"I know, and you have a thousand identical to it," Luke grumbled. "You have a disappointing collection of capes. But you still shouldn't treat it so badly. It's nice cloth."
Of course. He'd be drilled to appreciate what he had, raised by farmers in poverty as he was. And he was Padmé's son. "My collection is disappointing?"
"The point is that collections have range, Father," Luke observed wryly.
"And you know from your vast experience and knowledge?"
"I know your wardrobe is an eyesore." He placed the pin back into the brooch and put it to the table on one side, giving Vader a slight push to stand on the mat next to the rack. Vader's quarters weren't as large as one would expect for the Emperor's most favoured lieutenant, but there was space enough in the changing room for the two of them, even with the large rack that dominated the otherwise plain area. "You have a thousand different capes of varying shields of dull Imperial grey."
"Is that your main criticism of the Empire? Our colour scheme?"
"It's one of the many things that need work."
Vader laughed. It was a booming laugh, and tended to catch people by surprise—it certainly caught Luke, who flushed before he realised what was happening and grinned shyly back.
"If you wanted to work on it," Vader said gently, "I would not be opposed."
Luke gritted his teeth as he made to unbuckle one of Vader's gauntlets, and Vader immediately knew that he would not like whatever he said next. "It wouldn't matter. There's a reason for the grey, I guess. You'll just go to war again in a few weeks and get the capes all muddy and dirty and covered in blood."
Vader blinked at the... reproach he heard in Luke's voice, and tried not to scowl. He may be trying to ingratiate Luke into this world gently, and he may be doing his best to be the kind image of a father Luke expected, but that did not mean he had changed his nature! He was Darth Vader!
What did the boy expect?
"Of course I will, Luke," he said. It was easier to snap when he used the boy's name; the k sound was so much sharper than any of the sounds in young one. "I am the Emperor's enforcer. Going to war is my job."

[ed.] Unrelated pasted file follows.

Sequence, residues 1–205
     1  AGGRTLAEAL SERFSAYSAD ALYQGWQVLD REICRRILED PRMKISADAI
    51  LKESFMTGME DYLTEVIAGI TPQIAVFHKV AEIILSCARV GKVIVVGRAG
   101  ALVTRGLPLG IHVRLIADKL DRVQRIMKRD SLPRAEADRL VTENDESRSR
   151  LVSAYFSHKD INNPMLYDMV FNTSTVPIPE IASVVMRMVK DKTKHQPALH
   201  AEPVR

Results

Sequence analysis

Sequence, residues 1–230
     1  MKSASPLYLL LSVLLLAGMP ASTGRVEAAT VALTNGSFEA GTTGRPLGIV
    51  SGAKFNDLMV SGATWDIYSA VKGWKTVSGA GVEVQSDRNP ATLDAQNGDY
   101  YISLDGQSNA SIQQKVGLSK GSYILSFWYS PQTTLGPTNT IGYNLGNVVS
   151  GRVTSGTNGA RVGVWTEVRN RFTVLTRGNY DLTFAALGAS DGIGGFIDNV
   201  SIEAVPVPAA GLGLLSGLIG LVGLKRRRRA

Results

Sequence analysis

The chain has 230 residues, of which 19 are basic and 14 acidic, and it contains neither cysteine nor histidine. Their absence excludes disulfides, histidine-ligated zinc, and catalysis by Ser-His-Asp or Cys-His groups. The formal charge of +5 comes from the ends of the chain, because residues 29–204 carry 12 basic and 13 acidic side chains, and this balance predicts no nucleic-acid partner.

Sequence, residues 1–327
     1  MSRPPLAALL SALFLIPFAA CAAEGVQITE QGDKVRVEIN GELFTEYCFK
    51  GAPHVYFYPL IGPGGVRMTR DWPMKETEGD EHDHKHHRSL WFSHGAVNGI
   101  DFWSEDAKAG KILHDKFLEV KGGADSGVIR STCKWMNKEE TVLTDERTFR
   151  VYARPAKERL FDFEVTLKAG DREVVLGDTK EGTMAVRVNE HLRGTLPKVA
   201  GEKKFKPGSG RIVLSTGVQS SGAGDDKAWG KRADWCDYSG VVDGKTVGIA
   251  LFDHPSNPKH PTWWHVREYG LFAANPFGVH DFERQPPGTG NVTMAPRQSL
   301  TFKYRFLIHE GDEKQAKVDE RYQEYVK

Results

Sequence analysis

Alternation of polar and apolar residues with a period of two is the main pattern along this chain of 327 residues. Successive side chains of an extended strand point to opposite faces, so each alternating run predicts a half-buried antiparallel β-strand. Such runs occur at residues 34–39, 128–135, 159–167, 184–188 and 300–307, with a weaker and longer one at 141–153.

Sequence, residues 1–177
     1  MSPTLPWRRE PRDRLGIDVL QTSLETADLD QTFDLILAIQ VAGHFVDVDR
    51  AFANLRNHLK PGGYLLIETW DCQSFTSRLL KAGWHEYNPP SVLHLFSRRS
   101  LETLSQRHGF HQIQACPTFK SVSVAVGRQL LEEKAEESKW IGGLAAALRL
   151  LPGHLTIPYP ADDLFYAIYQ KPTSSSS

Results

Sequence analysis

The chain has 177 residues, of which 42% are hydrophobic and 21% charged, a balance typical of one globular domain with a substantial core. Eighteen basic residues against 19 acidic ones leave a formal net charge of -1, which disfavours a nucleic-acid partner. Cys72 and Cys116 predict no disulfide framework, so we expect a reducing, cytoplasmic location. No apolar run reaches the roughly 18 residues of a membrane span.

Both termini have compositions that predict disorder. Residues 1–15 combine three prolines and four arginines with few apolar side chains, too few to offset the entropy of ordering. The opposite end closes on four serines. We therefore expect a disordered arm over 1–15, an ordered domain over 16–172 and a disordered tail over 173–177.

"And when I take up this mantle you are so intent on me taking," Luke asked bitterly, "will wanton slaughter be my job as well?"
Vader took a breath. Took another breath. "Only if you wish it to be." And he hoped that Luke would wish it by then, know that it was more serving the security of the Empire than it could ever be wanton slaughter, but he knew that was a battle he was not going to win. He just had to rely on the tutor to properly educate the boy, until he clung less fiercely to the Rebel propaganda they'd been sure to feed him. "I will not force anything on you, Luke."
Luke gave him a look. It wasn't a glare, which he supposed was a bonus, but it wasn't thrilled either. "Except the Empire."
"I will not force the Empire on you either," he said levelly, as the gauntlet came free and Luke hooked it into its place on the rack. "I do not want you running with the Rebels in case you are hurt or killed. It would destroy me. Forgive me for worrying about you."
"You captured me," Luke said.
"Do you wish to go back?"
He saw his son freeze, consider the question.
Realise that there was a chance, however minute, that his father was serious.
Then he ran his gaze over the brooch on the table, the left gauntlet now opening under his fingers, the diamond-pane window and the garden beyond it. Then he looked at his father.
Vader smiled warmly at him.
Luke said, very, very quietly, "No. I don't."
Vader... breathed a sigh of relief. Saw Luke's brow furrow, and wondered what he was thinking.
"I just want you safe," he said. "I just want to know my son."
Luke nodded. "I know."
He didn't say anything else, but Vader was utterly sure that Luke wanted to know his father as well.
"Will I have to accompany you to the warfront when you next go?" Luke asked. "Surely the Emperor wouldn't be happy about you staying behind just for me."
Vader didn't know what to say to that, so he said nothing at all.
"Surely he isn't happy about you and your Rebel son, either." Luke frowned. "Doesn't he want me to do penance, or join the Empire immediately to make up for my past? I destroyed that military base."
"You did." Luke's head jerked up in shock, nearly unbalancing himself as he made to put the second gauntlet on the rack, at the naked pride in Vader's voice. "It was impressive, certainly. I am sure His Majesty is more curious than angry, though I have no doubt he will want you to join some sort of program for Imperial youths soon—the cadets, or go to court, or COMPNOR. Or he may simply wish to meet you."
Luke knelt down to handle Vader's greaves so Vader missed the rush of alarm that he had no doubt swept over his face, but it didn't matter; he moved to instantly address it anyway. "I did not become the Emperor's most trusted servant by obeying him in everything, my son. He understands that I am protective of you, and I understand that you are not ready to do such a thing." Yet was left unspoken, and he knew Luke stiffened.
"I... alright." Luke decided not to press the issue, clearly. "I just... I worry..."
Vader stood there tense—what was it? Why was Luke worrying so? He was safe here, as safe as could be, and Vader knew that safety was not a feeling Luke was overwhelmingly familiar with, but...